Wednesday, September 12, 2012

Line and proportion

Line and proportion are two topics that aren't talked about as much as they should imho. The line or silhouette of the clothing can make you look taller, thinner, or shorter and stumpier. Think of your favorite piece of clothing or outfit. How does it fit you? How does it make you feel? Now take a closer look. I want you to look at the design lines of the garment. Look at the seams. Which way do they go? Do they visually lengthen you? Do they add curves where you need them and skim/smooth those that need them? Does the garment flow or is it tight?

Some general concepts about lines:

-Vertical lines make you look taller and usually thinner. These lines help the eye visually lengthen as you look up and down. However if strong vertical lines are very far apart they start to look wider.

-Horizontal lines move side to side and visually increase your width. The more contrast there is the wider you will look also (think of a black and white horizontal, striped shirt).

-Diagonals are a bit in between horizontal and vertical. Depending on how much they tip one way or the other they can either be slimming or thickening.

-Curved lines add softness and femininity. You rarely see heavily curved design lines on mens' wear for this reason.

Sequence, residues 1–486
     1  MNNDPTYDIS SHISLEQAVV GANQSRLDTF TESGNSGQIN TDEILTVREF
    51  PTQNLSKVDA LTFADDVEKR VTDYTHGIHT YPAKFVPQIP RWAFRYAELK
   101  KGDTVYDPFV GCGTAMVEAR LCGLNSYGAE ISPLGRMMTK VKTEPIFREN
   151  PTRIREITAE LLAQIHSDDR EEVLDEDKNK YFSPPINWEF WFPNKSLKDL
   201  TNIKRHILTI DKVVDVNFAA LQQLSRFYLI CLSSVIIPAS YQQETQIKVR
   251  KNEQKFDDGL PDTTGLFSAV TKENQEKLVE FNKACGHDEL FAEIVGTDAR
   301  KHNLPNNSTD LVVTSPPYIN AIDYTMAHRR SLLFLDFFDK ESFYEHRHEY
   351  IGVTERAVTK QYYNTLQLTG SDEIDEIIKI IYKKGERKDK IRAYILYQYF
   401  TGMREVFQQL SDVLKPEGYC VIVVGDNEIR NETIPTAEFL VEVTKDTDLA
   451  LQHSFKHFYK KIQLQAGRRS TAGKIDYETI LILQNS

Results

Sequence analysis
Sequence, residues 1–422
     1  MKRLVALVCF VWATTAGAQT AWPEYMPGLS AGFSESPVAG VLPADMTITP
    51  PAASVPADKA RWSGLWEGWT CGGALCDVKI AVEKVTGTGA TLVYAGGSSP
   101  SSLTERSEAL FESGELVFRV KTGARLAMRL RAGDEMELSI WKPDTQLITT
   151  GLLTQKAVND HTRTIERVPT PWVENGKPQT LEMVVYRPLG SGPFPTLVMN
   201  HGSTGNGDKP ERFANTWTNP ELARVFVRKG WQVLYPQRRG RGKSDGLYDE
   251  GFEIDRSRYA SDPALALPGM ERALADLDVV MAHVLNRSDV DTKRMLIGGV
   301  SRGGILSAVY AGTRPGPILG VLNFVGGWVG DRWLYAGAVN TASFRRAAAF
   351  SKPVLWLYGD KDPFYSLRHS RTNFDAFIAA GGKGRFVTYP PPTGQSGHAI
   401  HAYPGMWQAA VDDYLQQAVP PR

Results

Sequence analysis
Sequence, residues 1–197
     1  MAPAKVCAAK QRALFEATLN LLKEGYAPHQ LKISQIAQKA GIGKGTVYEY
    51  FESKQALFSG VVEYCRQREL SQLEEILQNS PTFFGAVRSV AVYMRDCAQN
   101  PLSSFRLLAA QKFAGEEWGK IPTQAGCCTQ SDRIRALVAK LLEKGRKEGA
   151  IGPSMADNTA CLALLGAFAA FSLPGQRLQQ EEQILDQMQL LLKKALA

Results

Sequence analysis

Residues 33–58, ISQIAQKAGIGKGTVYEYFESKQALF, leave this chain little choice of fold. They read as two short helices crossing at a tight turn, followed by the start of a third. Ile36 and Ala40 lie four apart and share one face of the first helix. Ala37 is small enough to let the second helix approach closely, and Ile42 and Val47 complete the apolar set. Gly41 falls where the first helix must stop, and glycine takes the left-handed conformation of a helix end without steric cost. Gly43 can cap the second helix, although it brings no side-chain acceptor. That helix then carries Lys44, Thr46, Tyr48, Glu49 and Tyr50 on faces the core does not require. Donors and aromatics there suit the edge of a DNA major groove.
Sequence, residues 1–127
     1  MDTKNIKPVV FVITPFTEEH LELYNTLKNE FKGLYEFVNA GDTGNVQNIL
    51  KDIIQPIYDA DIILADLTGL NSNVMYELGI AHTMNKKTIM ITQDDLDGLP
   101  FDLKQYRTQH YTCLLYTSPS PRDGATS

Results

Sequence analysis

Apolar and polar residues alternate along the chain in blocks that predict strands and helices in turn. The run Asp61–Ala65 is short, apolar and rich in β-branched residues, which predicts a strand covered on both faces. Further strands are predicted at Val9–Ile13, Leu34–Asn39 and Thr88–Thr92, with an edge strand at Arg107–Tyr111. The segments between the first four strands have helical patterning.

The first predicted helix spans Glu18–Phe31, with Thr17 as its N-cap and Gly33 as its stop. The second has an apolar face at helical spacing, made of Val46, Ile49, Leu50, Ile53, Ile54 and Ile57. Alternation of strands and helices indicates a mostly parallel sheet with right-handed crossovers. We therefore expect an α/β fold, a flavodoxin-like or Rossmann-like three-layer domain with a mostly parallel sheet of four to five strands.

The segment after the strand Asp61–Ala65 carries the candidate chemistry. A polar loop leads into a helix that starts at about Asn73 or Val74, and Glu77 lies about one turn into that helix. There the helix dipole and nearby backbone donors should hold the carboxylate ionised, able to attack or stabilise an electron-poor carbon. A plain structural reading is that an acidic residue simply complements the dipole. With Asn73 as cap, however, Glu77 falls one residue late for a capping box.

-Straight lines are seen as more formal.Often straight lines are seen in tailored garments. Straight lines can also counteract the natural curves of the body.

Proportion is how pieces make up the whole. For example, how does your jacket and skirt relate to each as part of the whole outfit? Its a type of relationship of your garment(s). Is your outfit pleasing to the eye? Or is it so off balanced that it just looks silly...perhaps a skimpy crop top paired with a full ball gown style skirt would not have a balanced proportion to your eye. With that being said, designers (and nature) often group things in odd numbers. Like 1, 3, or 5 buttons on a blazer or jacket. Odd numbers and odd proportions (1/3 vs 1/2) are often more visually interesting than a completely balanced outfit.

So next time you are putting together an outfit or sketching a new design, take a pause to think about your style lines and the proportion of the garment.

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